Dear SaaStr: What are the common mistakes in the sales process that may lead to customer loss?
Being highly responsive doesn't necessarily make you great at sales
But never seen someone that is slow to respond be great at it
— Jason ✨Be Kind✨ Lemkin (@jasonlk) August 19, 2023
A non-exhaustive list of top common mistakes sales reps make that lead to losing potential deals:
- Not listening. Too many reps just talk and talk, trying to get the pitch out. They miss a chance to learn what problem the prospect actually wants solved.
- Not being an expert in the product. So many times I see this. In SaaS, the prospect is expecting the sales rep to be their guide, their expert on the product. When they don’t know the product cold, all confidence is lost. Maybe reps can get away with this a bit when they work for a clear #1 in the space, but beyond that, it’s a deal killer.
- Not designing a true solution to their problem. Related to the prior 2 points. The best sales reps listen and hear what the prospect’s problem is in the space — and use the product to design a solution. To solve the customers’ problem. Not just do an inflexible demo and send a price quote. An AE that can solve a top problem for me is worth their weight in gold. Truly solve it.
- Pushing the most expensive edition too hard. Smaller and midsize companies like to start small, many times. Push a prospect out of the comfort zone and the deal often just … never closes.
- Over-qualifying. Yes, not every lead is suitable for every product. But sales reps that over-qualify alienate prospects that really would buy. If they reached out on their own, the interest likely is genuine. No one enjoys just window shopping for SaaS apps.
- Not getting back to the prospect ASAP. ASAP. When a prospect inbounds, that’s their window. Their time to do discovery. If you don’t get back for 24 or even 48 hours, you’re not their ally. The slow response is way, way too common. A bit more here.
- Not truly believing in the price point / value proposition. This is especially an issue for more expensive products. If the rep doesn’t truly believe the product is worth its price … neither will the prospect.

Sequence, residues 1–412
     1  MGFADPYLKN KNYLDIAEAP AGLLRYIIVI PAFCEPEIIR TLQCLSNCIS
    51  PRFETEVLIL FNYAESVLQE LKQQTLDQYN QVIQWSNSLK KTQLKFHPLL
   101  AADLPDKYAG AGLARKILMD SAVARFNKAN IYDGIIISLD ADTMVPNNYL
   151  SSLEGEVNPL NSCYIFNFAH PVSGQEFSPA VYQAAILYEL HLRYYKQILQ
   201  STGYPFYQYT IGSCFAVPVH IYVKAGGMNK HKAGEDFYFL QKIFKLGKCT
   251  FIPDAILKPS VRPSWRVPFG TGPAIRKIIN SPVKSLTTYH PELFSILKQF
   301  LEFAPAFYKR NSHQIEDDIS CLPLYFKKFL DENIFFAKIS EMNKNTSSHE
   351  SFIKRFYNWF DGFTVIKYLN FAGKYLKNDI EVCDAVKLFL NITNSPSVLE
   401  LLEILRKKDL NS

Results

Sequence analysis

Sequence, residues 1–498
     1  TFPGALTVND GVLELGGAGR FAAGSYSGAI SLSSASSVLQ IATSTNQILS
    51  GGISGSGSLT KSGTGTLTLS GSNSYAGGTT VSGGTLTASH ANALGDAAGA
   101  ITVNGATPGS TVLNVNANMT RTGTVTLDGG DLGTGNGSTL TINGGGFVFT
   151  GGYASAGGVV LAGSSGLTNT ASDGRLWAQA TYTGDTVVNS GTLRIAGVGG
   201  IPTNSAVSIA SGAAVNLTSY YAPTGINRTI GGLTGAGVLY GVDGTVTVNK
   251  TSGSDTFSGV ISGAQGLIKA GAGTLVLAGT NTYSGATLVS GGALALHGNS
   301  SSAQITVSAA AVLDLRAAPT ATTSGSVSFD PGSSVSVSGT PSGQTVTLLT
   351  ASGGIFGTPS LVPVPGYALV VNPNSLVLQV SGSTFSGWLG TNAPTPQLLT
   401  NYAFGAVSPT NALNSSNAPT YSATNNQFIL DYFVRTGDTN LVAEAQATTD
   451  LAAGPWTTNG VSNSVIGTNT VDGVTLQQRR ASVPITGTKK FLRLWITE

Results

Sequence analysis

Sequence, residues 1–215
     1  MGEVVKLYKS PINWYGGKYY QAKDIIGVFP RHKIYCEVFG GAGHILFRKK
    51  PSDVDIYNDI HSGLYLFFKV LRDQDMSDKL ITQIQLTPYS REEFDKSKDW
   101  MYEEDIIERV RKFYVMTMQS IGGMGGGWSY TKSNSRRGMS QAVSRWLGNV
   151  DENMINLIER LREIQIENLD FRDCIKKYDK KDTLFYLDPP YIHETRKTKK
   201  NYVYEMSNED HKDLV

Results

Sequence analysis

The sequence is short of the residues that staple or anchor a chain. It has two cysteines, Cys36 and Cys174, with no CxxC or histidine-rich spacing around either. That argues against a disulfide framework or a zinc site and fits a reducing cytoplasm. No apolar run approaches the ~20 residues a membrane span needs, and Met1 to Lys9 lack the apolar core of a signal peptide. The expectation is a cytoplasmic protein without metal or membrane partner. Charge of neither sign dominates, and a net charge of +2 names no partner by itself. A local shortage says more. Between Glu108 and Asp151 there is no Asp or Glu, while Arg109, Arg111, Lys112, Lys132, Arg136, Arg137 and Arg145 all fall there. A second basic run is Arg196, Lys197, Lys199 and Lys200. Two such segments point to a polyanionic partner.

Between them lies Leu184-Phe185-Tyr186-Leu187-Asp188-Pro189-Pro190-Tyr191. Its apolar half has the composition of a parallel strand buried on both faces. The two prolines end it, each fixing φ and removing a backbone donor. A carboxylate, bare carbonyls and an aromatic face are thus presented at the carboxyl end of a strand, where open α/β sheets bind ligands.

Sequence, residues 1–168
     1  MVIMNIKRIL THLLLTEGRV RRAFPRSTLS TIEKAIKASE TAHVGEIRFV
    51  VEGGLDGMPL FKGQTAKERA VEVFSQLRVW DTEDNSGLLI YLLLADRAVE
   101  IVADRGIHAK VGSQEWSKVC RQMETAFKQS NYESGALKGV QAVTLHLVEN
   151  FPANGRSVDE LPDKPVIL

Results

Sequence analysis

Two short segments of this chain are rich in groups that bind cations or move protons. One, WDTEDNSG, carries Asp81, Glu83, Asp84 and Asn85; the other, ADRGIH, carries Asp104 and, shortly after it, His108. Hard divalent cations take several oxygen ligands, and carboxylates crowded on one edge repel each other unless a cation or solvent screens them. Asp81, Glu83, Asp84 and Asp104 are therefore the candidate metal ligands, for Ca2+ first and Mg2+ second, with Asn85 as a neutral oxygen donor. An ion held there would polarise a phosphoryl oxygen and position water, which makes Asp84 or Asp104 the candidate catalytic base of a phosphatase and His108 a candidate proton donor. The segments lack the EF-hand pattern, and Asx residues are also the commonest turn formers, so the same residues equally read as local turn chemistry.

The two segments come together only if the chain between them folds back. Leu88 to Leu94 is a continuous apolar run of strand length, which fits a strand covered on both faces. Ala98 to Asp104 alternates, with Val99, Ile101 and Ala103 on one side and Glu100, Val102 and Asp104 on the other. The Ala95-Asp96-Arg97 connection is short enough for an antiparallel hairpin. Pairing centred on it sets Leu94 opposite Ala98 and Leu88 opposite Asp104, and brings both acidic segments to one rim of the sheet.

- Not providing value before making the ask. In sales, a big part of your job is asking for the sale. But it’s 10x easier once you provide value first. Be so helpful that the customer knows they now need your product — then ask for the sale. It will come fast.
- Not knowing the competition cold. If you don’t, they beat you. Because they know your weaknesses cold.
- Being dishonest. Mediocre sales reps fudge things when they don’t know the answer. They even claim the product does things it doesn’t. Sometimes, this gets the deal closed. But more often, it blows up on you. Prospects aren’t stupid. They figure it out.
- Not creating urgency. This is hard. Yet, it’s the top skill of almost every successful sales rep. 80% of deals don’t close themselves. Probably 90%.
Ok, now — how do you solve some of these problems? A few thoughts:
- Do better onboarding. Most startups, even up to $20m, $30m+ ARR, do a really poor job of training and onboarding new sales hires.
- Pair new hires up for the first 30 days. Consider having no quota at all for the first 30 days, and just pairing each new hire up with a successful veteran. To just listen and learn.
- Audit calls with Chorus, Gong, etc. Listen to a subset of everyone’s calls. And jump in and coach them. This really works.
- Audit emails. Read at least some of each AE’s and SDR’s emails. They’ll send some terrible ones. That are just wrong.
- Put a sales SLA in place, ASAP. Take deals away from any rep that doesn’t follow up that same day. Or faster. Assign them to someone that will.
- Make sure reps don’t have too many leads. If they do, they stop investing in the so-so ones. A little lead-poor is better than an environment that is too lead-rich. Not an issue in the enterprise, but it can be a real one with SMB sales as it scales. The number of raw leads can be huge. Reps stop really investing in all but the most promising ones.
- Hire better sales managers. They’ll figure a lot of this out for you. Too often, as start-ups scale, I see the first sales managers being too weak and green. They need to be better than you, at least adjusted for experience. Not just the best you can find right now.
Good luck! 🙂 And a lot more tips on what to do better here: